Alfred H. Barr Jr.


was one of the first American art scholars drawn to modernism. Born in Detroit, he moved to Baltimore with his family at age nine, when his father became the pastor atBaltimore’s First Presbyterian Church. In the early 1920s he earned a bachelor’s degree in art history and a master’s degree in art and archaeology at PrincetonUniversity, and he later earned a Ph.D. in art history at Harvard University. Barr curated his first exhibition, a controversial show of European modernist works, atHarvard’s Fogg Museum in 1925.When he was drafted by a group of New York art patrons to serve as founding director of the Museum of Modern Art (MoMA), Barr brought with him a vision of modernism that encompassed all manner of visual culture, including the work of nonacademic artists. MoMA opened in November 1929 as a threegallery exhibition space in an office building near the permanenthome in which it would open ten years later, at 11 West 53rd Street in New York City.Barr’s interest in the field was reflected in the folk art acquisitions he arranged for MoMA’s collection, as well as in several exhibitions he organized at the museum.In 1937 he presented a landmark showing of limestone sculptures by William Edmondson (1874–1951), who thereby gained the distinction of being the first AfricanAmerican artist to exhibit at MoMA. In late 1942, Barr exhibited the imaginatively decorated shoeshine stand of Sicilian immigrant Joe Milone (c. 1887) in MoMA’slobby, and in the summer of 1943 he mounted a show by self-taught painter Morris Hirschfield (1872–1946).The museum’s conservative trustees deemed these shows unworthy of a serious art museum and considered Barr an ineffective administrator; both factors played arole in his ouster from the museum’s directorship in October 1943. Initially demoted to an advisory directorship, he was named director of collections in 1947, andserved in that influential capacity until his retirement in 1968. There were no further exhibitions of folk art or vernacular art at the museum during the last twenty-fiveyears of Barr’s tenure there, nor have there been since.Tragically, Barr was stricken with Alzheimer’s disease during the last few years of his life, and his memories of his own unprecedented influential career evidentlydied before he did.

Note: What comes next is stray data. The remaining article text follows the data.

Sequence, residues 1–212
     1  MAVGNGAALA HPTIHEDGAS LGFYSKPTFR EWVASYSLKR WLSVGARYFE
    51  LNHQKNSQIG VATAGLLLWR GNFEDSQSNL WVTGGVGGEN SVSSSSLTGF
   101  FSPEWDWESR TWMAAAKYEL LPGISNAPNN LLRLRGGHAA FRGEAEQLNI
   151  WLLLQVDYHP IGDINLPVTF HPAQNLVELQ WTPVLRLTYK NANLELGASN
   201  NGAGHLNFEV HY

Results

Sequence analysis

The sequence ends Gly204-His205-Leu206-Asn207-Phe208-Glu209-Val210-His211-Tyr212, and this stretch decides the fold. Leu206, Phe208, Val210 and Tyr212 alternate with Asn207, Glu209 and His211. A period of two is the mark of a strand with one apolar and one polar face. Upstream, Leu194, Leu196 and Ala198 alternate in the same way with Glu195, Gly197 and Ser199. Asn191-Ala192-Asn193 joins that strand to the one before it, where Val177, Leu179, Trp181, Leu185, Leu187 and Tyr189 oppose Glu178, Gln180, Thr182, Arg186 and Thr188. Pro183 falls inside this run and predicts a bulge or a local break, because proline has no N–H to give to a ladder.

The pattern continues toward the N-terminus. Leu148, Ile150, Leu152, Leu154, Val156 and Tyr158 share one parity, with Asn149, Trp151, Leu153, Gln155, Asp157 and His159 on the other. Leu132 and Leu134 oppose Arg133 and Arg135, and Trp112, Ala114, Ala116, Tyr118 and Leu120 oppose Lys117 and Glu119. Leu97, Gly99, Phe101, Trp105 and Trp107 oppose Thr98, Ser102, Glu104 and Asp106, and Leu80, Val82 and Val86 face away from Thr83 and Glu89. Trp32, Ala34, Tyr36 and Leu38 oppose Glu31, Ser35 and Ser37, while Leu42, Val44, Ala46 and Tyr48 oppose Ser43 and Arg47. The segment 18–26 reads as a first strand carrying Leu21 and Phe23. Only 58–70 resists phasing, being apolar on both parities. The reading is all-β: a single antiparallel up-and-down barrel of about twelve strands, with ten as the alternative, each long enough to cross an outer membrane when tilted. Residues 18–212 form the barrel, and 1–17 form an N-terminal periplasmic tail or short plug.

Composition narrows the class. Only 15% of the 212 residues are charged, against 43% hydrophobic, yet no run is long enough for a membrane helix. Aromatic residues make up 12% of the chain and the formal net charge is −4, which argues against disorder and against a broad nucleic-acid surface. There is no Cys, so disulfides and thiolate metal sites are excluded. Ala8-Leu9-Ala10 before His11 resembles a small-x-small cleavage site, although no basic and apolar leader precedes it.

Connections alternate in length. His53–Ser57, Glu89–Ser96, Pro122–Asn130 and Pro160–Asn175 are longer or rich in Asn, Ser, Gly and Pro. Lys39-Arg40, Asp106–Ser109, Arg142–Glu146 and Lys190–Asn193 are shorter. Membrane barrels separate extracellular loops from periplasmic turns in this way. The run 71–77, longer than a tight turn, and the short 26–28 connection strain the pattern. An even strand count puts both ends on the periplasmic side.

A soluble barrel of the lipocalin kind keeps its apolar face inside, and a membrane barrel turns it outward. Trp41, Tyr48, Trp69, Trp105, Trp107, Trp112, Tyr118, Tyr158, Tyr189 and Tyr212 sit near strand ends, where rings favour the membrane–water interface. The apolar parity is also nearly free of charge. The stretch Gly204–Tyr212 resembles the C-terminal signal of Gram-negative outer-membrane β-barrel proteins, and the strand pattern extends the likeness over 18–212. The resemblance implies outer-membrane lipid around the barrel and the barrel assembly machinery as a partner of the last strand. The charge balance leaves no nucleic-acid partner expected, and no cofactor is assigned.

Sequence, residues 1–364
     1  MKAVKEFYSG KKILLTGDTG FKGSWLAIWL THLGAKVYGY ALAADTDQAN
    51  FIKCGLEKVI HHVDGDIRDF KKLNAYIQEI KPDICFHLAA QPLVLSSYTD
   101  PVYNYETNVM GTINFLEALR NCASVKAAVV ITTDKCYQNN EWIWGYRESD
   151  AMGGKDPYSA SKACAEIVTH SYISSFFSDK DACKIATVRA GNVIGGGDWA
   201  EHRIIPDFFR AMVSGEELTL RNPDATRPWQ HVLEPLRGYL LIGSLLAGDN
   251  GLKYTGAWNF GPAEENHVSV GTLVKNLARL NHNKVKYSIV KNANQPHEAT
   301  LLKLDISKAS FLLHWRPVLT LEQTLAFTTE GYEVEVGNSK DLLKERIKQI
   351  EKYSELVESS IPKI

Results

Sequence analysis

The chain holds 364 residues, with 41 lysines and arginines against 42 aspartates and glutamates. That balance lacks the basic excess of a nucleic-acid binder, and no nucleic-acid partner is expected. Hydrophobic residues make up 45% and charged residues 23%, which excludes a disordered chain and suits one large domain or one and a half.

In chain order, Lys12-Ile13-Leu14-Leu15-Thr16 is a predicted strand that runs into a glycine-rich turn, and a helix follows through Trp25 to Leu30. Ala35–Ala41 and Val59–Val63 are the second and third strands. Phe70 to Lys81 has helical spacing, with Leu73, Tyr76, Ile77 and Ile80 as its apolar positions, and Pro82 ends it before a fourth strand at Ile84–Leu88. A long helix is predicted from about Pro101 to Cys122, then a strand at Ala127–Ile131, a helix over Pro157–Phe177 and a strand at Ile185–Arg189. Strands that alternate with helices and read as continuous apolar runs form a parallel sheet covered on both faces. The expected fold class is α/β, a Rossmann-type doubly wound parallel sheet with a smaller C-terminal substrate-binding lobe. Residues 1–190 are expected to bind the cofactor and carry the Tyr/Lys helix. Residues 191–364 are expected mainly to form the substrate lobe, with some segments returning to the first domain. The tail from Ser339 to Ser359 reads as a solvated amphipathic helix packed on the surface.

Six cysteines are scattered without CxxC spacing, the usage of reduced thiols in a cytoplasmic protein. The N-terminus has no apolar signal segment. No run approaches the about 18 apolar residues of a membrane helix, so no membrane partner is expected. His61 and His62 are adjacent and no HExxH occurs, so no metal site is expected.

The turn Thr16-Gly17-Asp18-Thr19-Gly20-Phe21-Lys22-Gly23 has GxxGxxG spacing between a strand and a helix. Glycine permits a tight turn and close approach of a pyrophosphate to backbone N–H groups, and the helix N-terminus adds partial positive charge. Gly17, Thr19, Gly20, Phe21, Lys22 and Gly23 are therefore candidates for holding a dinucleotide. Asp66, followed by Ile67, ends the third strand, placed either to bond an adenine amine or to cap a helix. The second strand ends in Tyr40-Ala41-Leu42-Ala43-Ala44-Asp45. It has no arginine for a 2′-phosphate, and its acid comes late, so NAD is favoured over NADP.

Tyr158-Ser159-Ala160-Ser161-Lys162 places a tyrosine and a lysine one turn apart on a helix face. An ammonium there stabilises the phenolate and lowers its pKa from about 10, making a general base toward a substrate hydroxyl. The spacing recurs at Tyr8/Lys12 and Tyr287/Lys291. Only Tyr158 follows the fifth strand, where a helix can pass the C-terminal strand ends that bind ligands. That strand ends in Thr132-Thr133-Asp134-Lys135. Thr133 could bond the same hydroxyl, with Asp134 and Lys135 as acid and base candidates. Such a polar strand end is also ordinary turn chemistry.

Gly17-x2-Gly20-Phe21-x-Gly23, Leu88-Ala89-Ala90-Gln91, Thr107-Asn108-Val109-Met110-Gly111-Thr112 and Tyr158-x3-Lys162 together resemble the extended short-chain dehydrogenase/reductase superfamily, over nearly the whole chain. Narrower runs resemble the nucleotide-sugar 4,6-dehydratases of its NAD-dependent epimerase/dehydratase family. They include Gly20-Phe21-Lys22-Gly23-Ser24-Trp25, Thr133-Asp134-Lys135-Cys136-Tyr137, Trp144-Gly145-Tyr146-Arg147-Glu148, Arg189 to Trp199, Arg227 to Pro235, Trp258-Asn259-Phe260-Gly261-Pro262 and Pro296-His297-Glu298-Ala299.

See also
African American Art (Vernacular Art);

William Edmonson; Morris Hirschfield
Barr, Alfred.
What Is Modern Painting?
New York, 1943. ——.
Painting and Sculpture in the Museum of Modern Art.
New York, 1977.Kantor, Sybil Gordon.
Alfred H.Barr Jr. and the Intellectual Origins of the Museum of Modern Art.
Cambridge, Mass., and London, 2002.Marquis, Alice Goldfarb.
Alfred H.Barr Jr.: Missionary for the Modern.
Chicago and New York, 1989. Newhall, Beaumont. “Alfred H.Barr Jr.: He Set the Pace and Shaped the Style.”
vol. 78, no. 8 (October 1979): 134–137